As an integral part of the facade, sunscreens provide thermal comfort, let natural light in, and help reduce blinding effects without blocking visual contact with the outside, helping bring facades to life. Sunscreens also create depth – allowing designers to play with shadows while combining thermal comfort, control of sunlight input, and optimization of natural daylight.
Terreal North America offers a range of terra cotta baguettes which can be used to build sunscreens, wall claddings, and visual screens in a variety of lengths and cross-sections.
Strong absorbers of incident solar energy, terra cotta sunscreens play an equal role as horizontal reflectors. Light “bounces” off horizontal sunscreen surfaces and supplements direct lighting through solar radiation using indirect light, which then penetrates deeper into the room.
BARRIER AGAINST EXTREME HEAT
Sunscreens cut out a part of solar radiation. Sunshine is useful in winter for heating a building, but can become a problem in the summer – especially in buildings with large glazed areas. The rise in the indoor temperature leads to an increased use of air conditioning – a costly and environmentally controversial solution. In summer when the sun is high in the sky, solar radiation is largely blocked by the sunscreen by either reflecting or absorbing it. A material with a high thermal inertia, terra cotta delays and reduces the re-emission of energy absorbed within it. Non-transmitted energy does not reach the windows, and does not heat up the interior from a “local greenhouse effect” (a disadvantage with interior sun protection, such as blinds).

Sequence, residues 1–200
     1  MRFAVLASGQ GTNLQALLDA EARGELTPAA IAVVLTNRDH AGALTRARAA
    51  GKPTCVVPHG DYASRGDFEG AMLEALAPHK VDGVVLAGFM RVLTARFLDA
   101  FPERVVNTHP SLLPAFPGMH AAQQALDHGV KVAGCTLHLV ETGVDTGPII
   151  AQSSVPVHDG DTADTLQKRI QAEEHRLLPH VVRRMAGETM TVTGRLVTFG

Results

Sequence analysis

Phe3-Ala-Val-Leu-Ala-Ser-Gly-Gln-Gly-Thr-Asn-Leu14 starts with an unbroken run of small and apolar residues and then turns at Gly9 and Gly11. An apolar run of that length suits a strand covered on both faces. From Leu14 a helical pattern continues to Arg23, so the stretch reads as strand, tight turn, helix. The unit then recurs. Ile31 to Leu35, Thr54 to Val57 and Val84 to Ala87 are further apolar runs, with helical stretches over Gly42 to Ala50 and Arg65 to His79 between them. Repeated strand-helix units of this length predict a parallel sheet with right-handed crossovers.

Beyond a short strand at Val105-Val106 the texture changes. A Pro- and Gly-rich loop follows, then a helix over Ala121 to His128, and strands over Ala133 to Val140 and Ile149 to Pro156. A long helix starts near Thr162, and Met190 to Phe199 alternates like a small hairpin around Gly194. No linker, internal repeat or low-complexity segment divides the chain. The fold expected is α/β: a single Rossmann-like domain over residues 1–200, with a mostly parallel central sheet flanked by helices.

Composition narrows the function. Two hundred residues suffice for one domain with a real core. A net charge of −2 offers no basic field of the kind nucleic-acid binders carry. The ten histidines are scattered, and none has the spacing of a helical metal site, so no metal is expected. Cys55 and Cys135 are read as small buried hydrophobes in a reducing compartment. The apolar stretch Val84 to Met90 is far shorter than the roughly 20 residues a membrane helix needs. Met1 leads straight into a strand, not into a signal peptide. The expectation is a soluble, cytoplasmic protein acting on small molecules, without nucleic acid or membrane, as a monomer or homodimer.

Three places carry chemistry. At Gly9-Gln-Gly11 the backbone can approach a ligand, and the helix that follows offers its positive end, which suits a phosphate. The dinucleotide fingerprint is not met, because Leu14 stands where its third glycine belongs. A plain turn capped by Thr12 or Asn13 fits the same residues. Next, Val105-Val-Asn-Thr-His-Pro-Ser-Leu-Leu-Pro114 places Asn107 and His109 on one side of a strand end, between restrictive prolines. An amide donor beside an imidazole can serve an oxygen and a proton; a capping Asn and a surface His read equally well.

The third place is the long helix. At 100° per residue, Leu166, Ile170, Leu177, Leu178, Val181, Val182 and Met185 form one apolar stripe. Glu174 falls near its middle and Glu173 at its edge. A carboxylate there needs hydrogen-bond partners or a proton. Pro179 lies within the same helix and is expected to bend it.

OPEN DOOR TO FREE SOLAR ENERGY & LIGHT
In winter, incident solar radiation – produced by a sun low on the horizon – does not suffer from the presence of a sunscreen. The shade provided is weak due to the spacing between the blades, if installed in traditional orientation on a horizontal blade. There would then be full benefit from the reduced need for electric heat and light, all without disturbing the effectiveness of the openings normally provided in a building. A sunscreen allows for the inclusion of larger, more “productive” bays in the design – carefully sized in relation to the orientation of the facade without the downside of overheating in summer.